Also, you said a lot of the cost is due to price matching; how in the world do branded products remain competitive once the pill goes generic? I know Lipitor, the most prescribed drug in the country, went generic two years ago. How does a company like Pfizer intend on keeping their hold on the market when generic makers have reduced the price so sharply and they're functionally selling the same product?
TonyV83416 karma2013-07-11 14:13:00 UTC
Its the life cycle of the product, Branded Risperdal is at the end of the life cycle of the product, it has had it's price increase annually for years before the generic came out. The company kept raising the price as the plans demanded increased rebates for the product. There is a lot of patient assistance that pharmaceutical companies due to make the branded drug competitive, i.e. free samples, co-pay cards, lowering the cost of a Rx
Tri-Beam6 karma2013-07-11 15:09:18 UTC
Is the outsourcing of r and d to other companies becoming more popular. I read that more companies are opting to have labs in india and china perform clinical tests in order to save money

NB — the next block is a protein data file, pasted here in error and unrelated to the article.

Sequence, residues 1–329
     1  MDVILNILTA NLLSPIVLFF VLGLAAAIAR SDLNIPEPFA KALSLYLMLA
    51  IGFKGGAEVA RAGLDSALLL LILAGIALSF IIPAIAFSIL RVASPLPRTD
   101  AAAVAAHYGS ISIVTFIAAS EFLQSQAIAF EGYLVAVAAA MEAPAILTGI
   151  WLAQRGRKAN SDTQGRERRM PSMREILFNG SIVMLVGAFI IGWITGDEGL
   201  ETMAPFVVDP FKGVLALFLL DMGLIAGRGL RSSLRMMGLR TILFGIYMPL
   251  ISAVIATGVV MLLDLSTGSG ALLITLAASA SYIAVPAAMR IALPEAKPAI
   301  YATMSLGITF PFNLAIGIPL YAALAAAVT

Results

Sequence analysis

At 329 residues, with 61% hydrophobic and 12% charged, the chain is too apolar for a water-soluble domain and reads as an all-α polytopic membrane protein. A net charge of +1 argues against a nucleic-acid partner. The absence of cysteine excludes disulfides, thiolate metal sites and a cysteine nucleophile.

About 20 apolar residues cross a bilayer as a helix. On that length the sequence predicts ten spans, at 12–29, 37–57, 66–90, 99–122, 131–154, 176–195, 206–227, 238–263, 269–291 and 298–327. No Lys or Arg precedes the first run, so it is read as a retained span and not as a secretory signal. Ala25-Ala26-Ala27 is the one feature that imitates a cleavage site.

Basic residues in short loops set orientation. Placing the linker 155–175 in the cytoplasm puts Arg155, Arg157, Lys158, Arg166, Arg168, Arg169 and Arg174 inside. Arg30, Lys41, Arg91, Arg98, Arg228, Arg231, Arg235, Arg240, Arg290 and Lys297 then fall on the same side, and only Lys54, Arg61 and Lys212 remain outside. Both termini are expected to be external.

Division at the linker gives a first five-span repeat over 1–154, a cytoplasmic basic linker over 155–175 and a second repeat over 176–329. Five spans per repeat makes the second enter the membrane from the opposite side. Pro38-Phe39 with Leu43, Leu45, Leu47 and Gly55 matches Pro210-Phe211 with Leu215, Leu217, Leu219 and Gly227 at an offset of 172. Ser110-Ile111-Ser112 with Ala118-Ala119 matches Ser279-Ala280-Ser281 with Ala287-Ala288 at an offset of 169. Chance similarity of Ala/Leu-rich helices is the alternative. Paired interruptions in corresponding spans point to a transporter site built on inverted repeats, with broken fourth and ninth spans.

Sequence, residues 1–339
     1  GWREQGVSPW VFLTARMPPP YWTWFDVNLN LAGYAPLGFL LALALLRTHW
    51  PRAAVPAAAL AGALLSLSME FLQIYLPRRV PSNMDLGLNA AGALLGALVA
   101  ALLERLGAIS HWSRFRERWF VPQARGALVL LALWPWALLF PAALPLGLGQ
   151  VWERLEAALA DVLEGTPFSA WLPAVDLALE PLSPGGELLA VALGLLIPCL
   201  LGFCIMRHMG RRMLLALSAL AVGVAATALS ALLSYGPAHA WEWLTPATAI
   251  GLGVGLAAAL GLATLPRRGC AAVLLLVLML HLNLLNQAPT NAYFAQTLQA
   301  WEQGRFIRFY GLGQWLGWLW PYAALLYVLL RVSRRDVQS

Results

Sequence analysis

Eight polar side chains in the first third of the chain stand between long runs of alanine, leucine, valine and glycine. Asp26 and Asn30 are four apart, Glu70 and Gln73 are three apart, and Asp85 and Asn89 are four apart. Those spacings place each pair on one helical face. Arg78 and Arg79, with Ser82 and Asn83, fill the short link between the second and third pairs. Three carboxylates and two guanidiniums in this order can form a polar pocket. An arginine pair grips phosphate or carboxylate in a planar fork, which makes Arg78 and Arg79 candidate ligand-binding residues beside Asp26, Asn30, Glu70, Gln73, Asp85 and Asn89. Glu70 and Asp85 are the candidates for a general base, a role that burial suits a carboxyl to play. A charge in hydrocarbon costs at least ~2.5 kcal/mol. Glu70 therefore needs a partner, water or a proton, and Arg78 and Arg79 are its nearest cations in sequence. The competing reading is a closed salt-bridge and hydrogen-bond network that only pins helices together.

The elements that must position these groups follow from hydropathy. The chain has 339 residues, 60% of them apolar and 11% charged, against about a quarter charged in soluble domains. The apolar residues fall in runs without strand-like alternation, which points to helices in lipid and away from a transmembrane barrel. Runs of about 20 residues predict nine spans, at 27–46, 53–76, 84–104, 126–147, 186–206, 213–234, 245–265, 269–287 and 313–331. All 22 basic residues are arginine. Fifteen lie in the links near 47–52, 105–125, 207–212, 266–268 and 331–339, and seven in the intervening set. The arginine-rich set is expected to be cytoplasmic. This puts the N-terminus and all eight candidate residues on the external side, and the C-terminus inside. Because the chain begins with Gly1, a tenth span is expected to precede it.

TonyV83416 karma2013-07-11 15:18:58 UTC
Yes it is very popular now, but in the US you have to make sure the drug works on all segments of the population (black and white as well as Asian and India) In Japan in order for your drug to get approved you need to do a study there.
hoo-haa5 karma2013-07-11 16:26:42 UTC
How do you feel about drugs for depression such as zoloft / paxil / prozac, I saw your post about drugs costing millions to research and develop etc but, while these drugs are a lifeline to people who are clinically depressed (myself included) - are simply addictive in their own right and while the help they are simply an interim solution for the problem.